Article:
The general point is that, although a variety of plausible weak predictivist theses have been advanced, none imply that predictive success will always, or even typically, reliably gesture us towards the better confirmed hypotheses, from among empirical equivalents. Weak predictivists restrict the domain of their thesis to certain contexts. Thus, if McCain is assuming weak predictivism holds in all, or even most, circumstances where empirically equivalent hypotheses are being evaluated, then he is making a sufficiently strong claim that it can no longer be admitted as uncontroversial. From the sense in which weak predictivism is uncontroversial it doesn’t follow that predictive success confers a favourable epistemic status on CS over sceptical alternatives. In fact, within the context of this discussion there appears little difference between declaring that predictive success is intrinsically more valuable than accommodating (i.e. strong predictivism), and assuming that predictive success typically implies some further but unspecified virtue, which has evidentiary import.8 Although McCain attempts to distance himself from strong predictivism, his argument’s reliance on merely weak predictivism is questionable.9 If the appeal to weak predictivism is to serve as more than lip-service, then McCain must be more specific about how he understands the thesis. In summary, being vague about the details weakens McCain’s argument, because every advocate for any weak predictivist theses argues only that in some circumstances it is reasonable to weight predictive success more heavily, and we have been given no reason to suppose that any of those circumstances include our assessment of CS and sceptical hypotheses.

Particular Weak Predictivisms

The problems rehearsed thus far motivate an obvious question: can we strengthen McCain’s argument through greater specificity, by appealing to one of the aforementioned weak predictivist theses? The first problem for this strategy is that weak predictivism holds interest only because of the possibility that there might be circumstances in which we have incomplete access to the actual support a theory deserves, rendering it reasonable to use imperfect indicators of such support. In the case of complex, scientific theories, such circumstance seem quite possible. We might lack expertise to evaluate whether a given theory has been gerrymandered to fit certain observations. We might not know whether a curve was fit to the data in a manner that properly balanced the number of adjustable parameters against the closeness of fit. We might have reason to believe that experts are in possession of evidence that we are unaware of. In the case of CS and the sceptical hypotheses, however, we can readily access the details of the hypotheses and the available evidence. We can assess directly whether such hypotheses has been gerrymandered, for example. We also have no reason to suppose that the sceptic is ignorant of certain evidence for CS that others possess.10 We don’t need predictive successes to serve as an imperfect guide to the virtues and vices of CS and sceptical alternatives.11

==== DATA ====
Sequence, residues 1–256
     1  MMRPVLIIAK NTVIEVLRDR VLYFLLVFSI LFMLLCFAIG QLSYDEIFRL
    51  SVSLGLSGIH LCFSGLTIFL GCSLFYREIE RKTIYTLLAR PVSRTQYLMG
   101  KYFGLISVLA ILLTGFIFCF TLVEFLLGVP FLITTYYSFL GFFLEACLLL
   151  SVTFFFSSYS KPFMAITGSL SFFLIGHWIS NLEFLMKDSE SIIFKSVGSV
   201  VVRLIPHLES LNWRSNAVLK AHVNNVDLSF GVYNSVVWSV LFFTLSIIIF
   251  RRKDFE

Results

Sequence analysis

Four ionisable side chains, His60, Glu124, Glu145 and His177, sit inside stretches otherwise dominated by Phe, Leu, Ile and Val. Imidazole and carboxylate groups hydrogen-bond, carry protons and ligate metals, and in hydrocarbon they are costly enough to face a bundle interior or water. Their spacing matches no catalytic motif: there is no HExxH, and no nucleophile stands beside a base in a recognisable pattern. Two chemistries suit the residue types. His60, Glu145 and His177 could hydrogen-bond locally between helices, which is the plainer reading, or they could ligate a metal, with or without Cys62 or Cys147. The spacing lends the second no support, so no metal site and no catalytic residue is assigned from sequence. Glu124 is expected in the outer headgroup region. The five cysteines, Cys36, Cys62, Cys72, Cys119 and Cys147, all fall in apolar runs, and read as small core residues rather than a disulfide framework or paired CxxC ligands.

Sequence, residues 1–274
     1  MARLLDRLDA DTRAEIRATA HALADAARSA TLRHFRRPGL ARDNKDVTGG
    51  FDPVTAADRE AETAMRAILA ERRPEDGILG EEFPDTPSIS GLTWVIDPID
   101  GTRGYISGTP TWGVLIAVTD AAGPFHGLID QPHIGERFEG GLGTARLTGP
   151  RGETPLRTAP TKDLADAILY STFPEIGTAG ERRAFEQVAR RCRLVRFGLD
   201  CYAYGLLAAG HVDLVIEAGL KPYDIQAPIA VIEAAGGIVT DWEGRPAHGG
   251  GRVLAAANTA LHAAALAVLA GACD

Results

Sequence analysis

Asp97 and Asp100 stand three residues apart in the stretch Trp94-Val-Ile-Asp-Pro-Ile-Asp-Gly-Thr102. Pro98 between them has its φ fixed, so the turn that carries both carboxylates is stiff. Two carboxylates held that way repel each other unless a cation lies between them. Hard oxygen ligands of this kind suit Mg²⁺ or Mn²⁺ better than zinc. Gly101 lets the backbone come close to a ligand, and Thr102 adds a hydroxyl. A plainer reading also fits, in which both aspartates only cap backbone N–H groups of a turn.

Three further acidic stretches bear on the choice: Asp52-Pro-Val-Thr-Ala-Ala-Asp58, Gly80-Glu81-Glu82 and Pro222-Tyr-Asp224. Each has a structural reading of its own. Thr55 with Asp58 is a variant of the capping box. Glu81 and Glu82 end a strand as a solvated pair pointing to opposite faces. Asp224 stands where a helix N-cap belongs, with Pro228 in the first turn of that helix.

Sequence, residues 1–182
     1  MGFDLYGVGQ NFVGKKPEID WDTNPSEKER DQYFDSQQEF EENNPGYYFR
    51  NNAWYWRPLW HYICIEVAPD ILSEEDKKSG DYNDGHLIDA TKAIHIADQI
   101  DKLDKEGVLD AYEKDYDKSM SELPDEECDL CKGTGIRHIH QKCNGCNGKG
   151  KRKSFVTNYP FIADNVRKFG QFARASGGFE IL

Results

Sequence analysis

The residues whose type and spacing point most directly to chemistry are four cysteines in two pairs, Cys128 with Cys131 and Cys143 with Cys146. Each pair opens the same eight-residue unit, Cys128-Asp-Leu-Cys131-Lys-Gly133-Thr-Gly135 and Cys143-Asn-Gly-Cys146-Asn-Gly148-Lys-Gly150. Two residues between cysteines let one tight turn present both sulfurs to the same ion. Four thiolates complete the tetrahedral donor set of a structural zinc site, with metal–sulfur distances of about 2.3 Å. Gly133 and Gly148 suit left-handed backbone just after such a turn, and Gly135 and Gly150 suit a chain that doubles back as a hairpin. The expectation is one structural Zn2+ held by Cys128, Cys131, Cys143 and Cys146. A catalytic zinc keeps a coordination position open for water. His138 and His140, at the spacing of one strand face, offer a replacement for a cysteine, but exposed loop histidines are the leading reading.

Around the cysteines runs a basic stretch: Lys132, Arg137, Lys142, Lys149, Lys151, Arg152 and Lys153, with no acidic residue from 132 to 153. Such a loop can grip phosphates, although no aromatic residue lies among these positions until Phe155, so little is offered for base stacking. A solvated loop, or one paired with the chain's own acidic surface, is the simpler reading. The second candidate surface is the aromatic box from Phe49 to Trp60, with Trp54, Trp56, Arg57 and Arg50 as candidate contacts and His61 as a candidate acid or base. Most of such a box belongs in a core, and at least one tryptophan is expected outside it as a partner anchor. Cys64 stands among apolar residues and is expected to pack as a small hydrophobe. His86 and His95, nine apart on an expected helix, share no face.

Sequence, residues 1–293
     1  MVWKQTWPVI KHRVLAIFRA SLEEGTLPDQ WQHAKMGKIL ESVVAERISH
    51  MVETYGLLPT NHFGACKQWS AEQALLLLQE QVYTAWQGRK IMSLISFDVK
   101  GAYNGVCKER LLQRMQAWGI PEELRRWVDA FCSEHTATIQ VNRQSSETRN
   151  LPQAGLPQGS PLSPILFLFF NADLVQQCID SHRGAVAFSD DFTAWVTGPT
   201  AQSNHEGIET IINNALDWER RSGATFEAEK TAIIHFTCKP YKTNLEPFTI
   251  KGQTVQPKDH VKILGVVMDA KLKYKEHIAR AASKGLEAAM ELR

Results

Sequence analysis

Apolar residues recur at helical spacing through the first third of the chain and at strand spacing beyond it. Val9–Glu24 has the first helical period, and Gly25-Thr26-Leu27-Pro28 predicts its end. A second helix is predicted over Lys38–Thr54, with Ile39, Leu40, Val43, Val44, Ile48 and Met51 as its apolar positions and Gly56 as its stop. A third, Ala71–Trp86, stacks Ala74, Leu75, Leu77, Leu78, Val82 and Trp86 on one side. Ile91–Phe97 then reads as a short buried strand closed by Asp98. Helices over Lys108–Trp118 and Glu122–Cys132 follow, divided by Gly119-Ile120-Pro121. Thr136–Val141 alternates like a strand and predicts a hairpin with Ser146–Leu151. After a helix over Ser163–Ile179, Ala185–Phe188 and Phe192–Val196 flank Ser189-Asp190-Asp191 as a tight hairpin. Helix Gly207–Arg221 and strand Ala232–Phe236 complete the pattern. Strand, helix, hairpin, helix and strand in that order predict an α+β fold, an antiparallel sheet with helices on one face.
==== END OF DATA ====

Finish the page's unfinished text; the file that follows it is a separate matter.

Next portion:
A second problem is that the virtues that predictive success gesture towards, according to those theses that have been suggested in the literature, are irrelevant for purposes of adjudicating between CS and the hypotheses of the external world sceptic. Lipton describes the advantage of predictions in terms of a particular liability with accommodating data, namely that a scientist who is trying to accommodate certain observations might “fudge” the theory. For Lipton (2004, p. 170), fudging arises when:

[t]he scientist knows the answer she must get, and she does whatever it takes to get it. The result may be an unnatural choice or modification of the theory and auxiliaries that results in a relatively poor explanation and so weak support, a choice she might not have made if she did not already know the answer she ought to get.

The sceptic didn’t fudge, as Lipton seems to define the term, their hypotheses or auxiliaries. Modifications aren’t needed. The sceptic doesn’t confront choices concerning how the theory should be developed, or what data should be ignored. Every sensory experience is explained by, and entailed by, the claim that the Cartesian demon created that experience for us. Admittedly, we likely feel some tendency towards regarding the sceptical hypotheses as providing poorer explanations, but this isn’t the result of Lipton-style fudging.

Similarly, consider the connection Hitchcock and Sober draw between predictive success and the problem of overfitting. Data sets are very often noisy; curves that are fit to available data can do a better or worse job of ignoring that noise; Hitchcock and Sober show that in certain circumstances, and in the absence of more direct information concerning how a curve was generated, predictive success can provide helpful information about whether the data were overfit. The Cartesian demon hypothesis, however, doesn’t overfit anything. McCain can’t plug this particular version of weak predictivism into his argument, for the thesis simply has nothing to say about the value of predictive success outside questions of fitting curves to available data.